• Congestion and Time Pressures: The concentration of inspection activity at the border means that significant resources must be present in order to ensure efficient operations. Inefficiencies not only cause congestion, but can be costly to businesses, both at the border and in the interior. Thus, there is considerable pressure on CBP to provide for rapid processing. Yet, expedited processing can lead to missed opportunities for interdicting threats. As a countermeasure to this vulnerability, CBP has promoted the use of registered traveler programs, although in some cases the lack of adequate port of entry infrastructure has prevented end users for reaping the promised benefits of such programs.
  • Limited Outbound Screen/Registration: The absence of outbound information on inbound travelers reduces the ability of border protection officials to track individuals and limit their ability to track visa overstays. It also limits their ability to gather data that may be of added value for intelligence analysis.

Although some vulnerabilities will become evident over time, several potential weaknesses may be identified under the present border security framework. Some of these vulnerabilities may be in tension with other vulnerabilities or systemic weaknesses. Examples of such vulnerabilities are discussed below.

  • Circumvention of Protection: As mentioned regarding layered security measures, the more one target is hardened, the greater the likelihood that law violators will shift their attention to a softer target and/or use different means. Moreover, as border protection increases, law violators tend to become more sophisticated in their methods for circumventing these measures (thereby making detection and interdiction more difficult). For the border region, this becomes especially salient, since frequently the goal of a border incursion is to reach a destination away from the border region. Thus, without a seamless interaction with interior enforcement agencies and law enforcement entities, the border serves as a metaphorical finish line, which once overcome serves as the final hurdle that is disconnected from the interior.
  • Fraud/Identity Misrepresentation: While CBP has made significant efforts to standardize and secure identity documents, having documents that pass inspection still constitutes the lowest-risk/highest-yield method of border incursions for many law violators. Even with biometric identifiers at the border, if an individual is able to misrepresent himself or herself to the agency issuing documents, the layered security of border protection has essentially been circumvented.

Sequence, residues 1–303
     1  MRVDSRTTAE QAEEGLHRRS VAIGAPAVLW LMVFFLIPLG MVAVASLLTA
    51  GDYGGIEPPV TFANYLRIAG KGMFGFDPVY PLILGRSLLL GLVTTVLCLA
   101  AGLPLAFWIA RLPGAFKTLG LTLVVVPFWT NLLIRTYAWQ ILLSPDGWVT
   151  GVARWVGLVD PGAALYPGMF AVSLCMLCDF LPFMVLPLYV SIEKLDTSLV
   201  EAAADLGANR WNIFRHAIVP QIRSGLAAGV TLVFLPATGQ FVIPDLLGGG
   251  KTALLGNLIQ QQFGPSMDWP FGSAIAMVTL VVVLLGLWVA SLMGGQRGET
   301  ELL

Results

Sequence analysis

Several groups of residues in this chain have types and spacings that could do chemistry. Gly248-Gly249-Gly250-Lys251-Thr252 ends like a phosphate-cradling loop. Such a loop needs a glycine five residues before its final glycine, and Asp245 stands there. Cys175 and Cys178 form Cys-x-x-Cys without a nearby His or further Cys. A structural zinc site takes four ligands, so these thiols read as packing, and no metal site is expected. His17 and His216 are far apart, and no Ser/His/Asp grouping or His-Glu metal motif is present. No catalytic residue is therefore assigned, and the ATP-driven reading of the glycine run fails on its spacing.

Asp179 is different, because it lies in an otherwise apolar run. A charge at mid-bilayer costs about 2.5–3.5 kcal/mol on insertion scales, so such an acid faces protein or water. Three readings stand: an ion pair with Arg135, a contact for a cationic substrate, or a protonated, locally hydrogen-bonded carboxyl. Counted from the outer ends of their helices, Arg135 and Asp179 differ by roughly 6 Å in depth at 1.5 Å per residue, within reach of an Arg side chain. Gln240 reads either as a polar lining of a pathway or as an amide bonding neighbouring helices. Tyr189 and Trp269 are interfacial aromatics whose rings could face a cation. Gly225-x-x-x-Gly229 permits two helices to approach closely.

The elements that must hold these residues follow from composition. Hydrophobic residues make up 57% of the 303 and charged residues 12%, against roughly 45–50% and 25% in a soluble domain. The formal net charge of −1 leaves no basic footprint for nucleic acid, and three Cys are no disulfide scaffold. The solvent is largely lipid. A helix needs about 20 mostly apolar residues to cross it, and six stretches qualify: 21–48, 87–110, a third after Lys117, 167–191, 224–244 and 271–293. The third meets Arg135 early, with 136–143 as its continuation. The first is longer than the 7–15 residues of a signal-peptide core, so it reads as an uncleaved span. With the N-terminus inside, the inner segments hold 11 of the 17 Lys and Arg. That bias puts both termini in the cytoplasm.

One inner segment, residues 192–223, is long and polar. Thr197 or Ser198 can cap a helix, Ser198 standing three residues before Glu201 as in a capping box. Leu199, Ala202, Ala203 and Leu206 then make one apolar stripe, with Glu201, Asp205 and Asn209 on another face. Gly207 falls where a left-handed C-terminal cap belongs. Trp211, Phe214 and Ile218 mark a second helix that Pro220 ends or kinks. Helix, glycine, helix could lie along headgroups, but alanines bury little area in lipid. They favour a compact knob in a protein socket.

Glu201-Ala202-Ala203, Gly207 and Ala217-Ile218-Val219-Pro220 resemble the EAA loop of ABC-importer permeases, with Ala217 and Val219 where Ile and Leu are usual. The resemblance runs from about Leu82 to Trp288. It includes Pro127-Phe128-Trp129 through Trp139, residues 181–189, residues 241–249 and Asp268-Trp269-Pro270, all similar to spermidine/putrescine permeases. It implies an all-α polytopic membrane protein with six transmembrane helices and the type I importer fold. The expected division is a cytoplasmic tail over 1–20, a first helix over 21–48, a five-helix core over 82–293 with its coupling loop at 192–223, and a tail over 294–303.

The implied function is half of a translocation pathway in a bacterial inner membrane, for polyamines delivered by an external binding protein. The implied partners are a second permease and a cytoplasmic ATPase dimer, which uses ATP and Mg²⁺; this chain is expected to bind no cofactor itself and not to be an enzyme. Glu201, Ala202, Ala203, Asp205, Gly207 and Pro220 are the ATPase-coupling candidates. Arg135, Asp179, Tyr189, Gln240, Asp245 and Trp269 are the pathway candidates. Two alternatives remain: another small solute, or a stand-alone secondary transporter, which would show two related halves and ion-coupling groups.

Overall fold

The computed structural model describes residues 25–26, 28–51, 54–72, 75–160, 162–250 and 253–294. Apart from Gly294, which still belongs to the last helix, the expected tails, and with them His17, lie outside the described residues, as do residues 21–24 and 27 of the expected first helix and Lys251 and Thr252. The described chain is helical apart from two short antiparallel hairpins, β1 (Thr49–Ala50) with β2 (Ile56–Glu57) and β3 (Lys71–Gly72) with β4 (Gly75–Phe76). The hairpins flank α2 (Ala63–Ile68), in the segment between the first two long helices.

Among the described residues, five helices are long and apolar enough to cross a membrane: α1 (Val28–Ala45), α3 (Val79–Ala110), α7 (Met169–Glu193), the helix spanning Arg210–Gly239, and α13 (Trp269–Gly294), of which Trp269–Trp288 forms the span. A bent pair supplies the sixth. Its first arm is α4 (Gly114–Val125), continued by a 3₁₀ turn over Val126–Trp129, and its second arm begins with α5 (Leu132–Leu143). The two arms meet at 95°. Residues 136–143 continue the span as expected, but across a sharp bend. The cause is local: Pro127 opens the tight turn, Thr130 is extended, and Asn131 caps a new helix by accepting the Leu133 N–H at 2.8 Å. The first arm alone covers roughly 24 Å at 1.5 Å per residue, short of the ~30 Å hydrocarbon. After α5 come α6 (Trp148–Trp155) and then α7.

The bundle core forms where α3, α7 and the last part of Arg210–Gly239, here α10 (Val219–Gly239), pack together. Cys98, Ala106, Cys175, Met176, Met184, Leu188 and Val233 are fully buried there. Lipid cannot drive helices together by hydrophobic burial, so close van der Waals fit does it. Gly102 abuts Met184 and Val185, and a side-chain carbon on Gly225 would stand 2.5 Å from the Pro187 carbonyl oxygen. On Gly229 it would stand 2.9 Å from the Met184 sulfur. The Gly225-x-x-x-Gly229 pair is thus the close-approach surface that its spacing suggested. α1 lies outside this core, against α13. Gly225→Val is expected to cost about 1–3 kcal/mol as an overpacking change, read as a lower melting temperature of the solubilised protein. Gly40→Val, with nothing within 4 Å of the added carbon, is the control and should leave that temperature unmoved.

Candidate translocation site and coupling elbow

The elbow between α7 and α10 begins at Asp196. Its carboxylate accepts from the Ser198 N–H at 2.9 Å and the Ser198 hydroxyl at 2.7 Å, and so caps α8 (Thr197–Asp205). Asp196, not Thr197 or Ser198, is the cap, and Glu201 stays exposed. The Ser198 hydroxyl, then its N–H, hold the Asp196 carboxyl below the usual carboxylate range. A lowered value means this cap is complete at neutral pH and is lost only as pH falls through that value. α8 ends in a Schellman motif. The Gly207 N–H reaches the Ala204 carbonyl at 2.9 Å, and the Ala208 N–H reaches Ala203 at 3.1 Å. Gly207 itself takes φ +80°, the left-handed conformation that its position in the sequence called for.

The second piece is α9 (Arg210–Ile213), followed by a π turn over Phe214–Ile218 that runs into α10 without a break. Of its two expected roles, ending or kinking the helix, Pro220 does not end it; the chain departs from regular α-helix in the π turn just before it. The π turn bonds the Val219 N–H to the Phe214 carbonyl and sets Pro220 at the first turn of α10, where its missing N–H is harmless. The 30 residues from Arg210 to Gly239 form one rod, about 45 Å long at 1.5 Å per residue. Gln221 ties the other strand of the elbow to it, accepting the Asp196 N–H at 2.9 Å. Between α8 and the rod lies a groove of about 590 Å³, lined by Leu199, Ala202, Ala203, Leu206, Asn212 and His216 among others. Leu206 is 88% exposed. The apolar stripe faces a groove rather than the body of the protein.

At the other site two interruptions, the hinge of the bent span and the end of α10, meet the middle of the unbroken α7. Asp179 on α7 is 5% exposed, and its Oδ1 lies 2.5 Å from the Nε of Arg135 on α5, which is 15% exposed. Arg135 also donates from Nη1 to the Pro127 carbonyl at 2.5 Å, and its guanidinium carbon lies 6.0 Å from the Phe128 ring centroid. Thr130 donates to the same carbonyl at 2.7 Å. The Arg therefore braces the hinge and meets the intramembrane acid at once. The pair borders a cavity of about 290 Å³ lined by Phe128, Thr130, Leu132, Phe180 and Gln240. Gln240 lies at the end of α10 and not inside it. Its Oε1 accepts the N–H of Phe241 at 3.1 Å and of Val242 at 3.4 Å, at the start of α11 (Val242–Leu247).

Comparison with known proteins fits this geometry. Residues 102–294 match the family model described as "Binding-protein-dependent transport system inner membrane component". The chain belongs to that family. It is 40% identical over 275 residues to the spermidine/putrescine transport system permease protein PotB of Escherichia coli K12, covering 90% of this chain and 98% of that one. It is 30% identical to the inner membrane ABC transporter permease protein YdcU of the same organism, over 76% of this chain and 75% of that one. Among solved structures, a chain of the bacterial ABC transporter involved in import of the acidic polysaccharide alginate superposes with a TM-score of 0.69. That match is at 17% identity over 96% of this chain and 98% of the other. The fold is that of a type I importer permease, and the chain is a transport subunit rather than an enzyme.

• Stakeholder Resentment: While border protection officials serve the public with the best intentions, the tactics they employ in pursuit of border protection can foster resentment or ill will among community groups, state and local officials, and foreign entities. If such stakeholders perceive the tactical decisions as being in bad faith or in direct contradiction to their community's betterment, these groups can pull their support or even actively work in opposition to border protection efforts. Tactics viewed as illegitimate or detrimental by stakeholders could undermine significant elements of the protection framework. For example, if the use of information provided by foreign governments was perceived as being misused by CBP, those governments could cease to provide such information. Thus, stakeholder relations are crucial to mitigate this vulnerability.
  • For policymakers and for the public at large, the fundamental questions these vulnerabilities raise are: what vulnerabilities are unacceptable, and to what extent must each vulnerability be overcome? Depending on one's views on border protection, the answer may vary considerably. But it is important to also assess how well the current border protection approach is doing in addressing these vulnerabilities and securing the border. An analysis of the current framework's effectiveness is provided in the following section.

Are the Border Policies Working?

As previously discussed, the current border protection framework can be summarized as securing and managing the U.S. border through obtaining effective control of the borders, safeguarding lawful trade and travel, and identifying and disrupting transnational criminal organizations. The five strategic commonalities to achieve these goals consist of the DHS leadership, deployment of layered security, maximizing domain awareness, promotion of a shared agency culture, and expansion of the border through international and domestic partnerships. This section will examine the extent to which some of these policies are working and goals are being achieved, with a particular emphasis on the effective control of the border.